What have you been reading lately?

14 comments:

  1. This sounds like an excellent book about how one thing can grow into another and morph into something else. Currently I'm reading The Fairy Tales of Herman Hesse.

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    1. It's a cute contemporary story with lots bubbling under the surface. As a reader, that's what I look for--the thematic stuff.

      I haven't read much Hesse other than Sidhartha, required reading for a comparative religions class in college.

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  2. Stories that include the cultural layers along with relationships have so much more depth. Sounds like this one does. Thanks for the review.

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    1. I really liked that aspect of the story. Some may breeze past it, but the interconnectedness of the characters in a small town is interesting to see unfold.

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  3. That's a really interesting take - the whole misperceptions thing - makes what could otherwise be a straightforward plot richer. Thank you for the review.

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    1. Playing roles--or not fitting roles--is a theme this novel looks at from several angles. And it's romantic and funny too.

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  4. I love layered characters who learn about themselves along the way. I'll have to read this, thanks for the review

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    1. I think character transformation is so important -- a big piece of what makes a story stand the test of time.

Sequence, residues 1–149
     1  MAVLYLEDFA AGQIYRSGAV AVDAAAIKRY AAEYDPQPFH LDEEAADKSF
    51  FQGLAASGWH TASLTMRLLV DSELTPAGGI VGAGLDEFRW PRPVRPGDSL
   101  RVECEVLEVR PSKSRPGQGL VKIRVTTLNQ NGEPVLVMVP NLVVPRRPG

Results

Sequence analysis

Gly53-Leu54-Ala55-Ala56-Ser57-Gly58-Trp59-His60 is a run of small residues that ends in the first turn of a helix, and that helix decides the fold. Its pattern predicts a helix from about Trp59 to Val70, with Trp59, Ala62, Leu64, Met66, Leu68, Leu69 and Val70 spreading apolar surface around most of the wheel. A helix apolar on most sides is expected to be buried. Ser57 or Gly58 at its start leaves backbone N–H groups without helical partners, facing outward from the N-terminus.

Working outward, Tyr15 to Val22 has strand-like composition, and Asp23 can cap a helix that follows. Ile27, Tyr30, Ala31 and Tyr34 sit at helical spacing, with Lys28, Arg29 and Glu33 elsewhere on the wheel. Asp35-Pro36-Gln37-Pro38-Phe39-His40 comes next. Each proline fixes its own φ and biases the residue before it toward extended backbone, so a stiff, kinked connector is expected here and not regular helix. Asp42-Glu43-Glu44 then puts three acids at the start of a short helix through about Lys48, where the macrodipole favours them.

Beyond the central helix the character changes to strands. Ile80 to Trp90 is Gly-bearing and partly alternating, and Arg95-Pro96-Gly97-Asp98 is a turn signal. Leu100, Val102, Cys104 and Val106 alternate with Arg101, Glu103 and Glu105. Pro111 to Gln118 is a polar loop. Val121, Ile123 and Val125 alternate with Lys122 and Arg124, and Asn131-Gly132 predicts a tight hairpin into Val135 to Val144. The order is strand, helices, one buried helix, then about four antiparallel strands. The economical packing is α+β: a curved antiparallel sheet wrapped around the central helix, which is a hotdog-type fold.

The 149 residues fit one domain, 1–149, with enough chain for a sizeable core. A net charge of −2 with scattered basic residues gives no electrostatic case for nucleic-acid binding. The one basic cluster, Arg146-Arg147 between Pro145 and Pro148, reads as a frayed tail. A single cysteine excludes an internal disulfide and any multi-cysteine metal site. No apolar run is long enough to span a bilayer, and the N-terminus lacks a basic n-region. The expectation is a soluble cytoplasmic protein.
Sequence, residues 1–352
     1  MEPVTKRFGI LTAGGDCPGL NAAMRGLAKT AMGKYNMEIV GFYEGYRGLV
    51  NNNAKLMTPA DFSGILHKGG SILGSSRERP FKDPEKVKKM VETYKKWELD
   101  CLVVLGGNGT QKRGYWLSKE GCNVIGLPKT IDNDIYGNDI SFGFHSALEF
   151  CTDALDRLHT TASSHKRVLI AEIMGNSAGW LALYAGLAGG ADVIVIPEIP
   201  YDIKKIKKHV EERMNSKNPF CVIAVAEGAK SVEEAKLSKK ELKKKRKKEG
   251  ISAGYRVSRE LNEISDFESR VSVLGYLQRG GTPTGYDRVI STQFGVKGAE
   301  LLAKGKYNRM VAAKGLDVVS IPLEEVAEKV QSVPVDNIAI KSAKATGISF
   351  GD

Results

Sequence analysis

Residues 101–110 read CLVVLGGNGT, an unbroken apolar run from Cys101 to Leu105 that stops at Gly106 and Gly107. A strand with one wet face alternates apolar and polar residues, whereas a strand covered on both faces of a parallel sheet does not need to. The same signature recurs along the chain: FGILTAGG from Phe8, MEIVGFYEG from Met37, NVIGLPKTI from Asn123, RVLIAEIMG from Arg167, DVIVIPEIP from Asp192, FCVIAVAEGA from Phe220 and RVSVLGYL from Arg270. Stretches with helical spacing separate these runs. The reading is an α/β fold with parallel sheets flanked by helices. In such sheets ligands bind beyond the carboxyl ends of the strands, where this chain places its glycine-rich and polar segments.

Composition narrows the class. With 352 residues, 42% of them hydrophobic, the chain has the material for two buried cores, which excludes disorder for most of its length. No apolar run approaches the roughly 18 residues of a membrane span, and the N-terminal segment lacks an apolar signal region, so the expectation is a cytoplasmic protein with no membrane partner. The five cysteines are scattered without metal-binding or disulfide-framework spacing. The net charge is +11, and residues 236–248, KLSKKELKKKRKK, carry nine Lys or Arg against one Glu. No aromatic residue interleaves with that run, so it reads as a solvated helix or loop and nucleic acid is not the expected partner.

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  5. Love Leigh! And this one's on my TBR list. :)

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    1. You can really feel her in the protagonist's voice--funny and sweet.

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  6. For a change a YA where the family is part of the story.
    Sounds like something I would enjoy.

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    1. Yeah, the parallel plotline with the family is less common these days, and done well here. I also really liked how Harley, the main character, begins seeing what she wants in relationships by observing her parents and reflecting on how their relationship works. I can't think of another YA novel that does that.

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  7. Oh, Laurel, I know you know this, but it's just AMAZING when someone reads your book and "gets" it--LOL! Thank you so much for the fantastic review. I'm so glad you liked my book. Best~ :o) <3

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    1. I loved how you wove the ideas of pretending and roles and misperceiving people through all the various story threads. TTAF is so much more than a light love story, I think.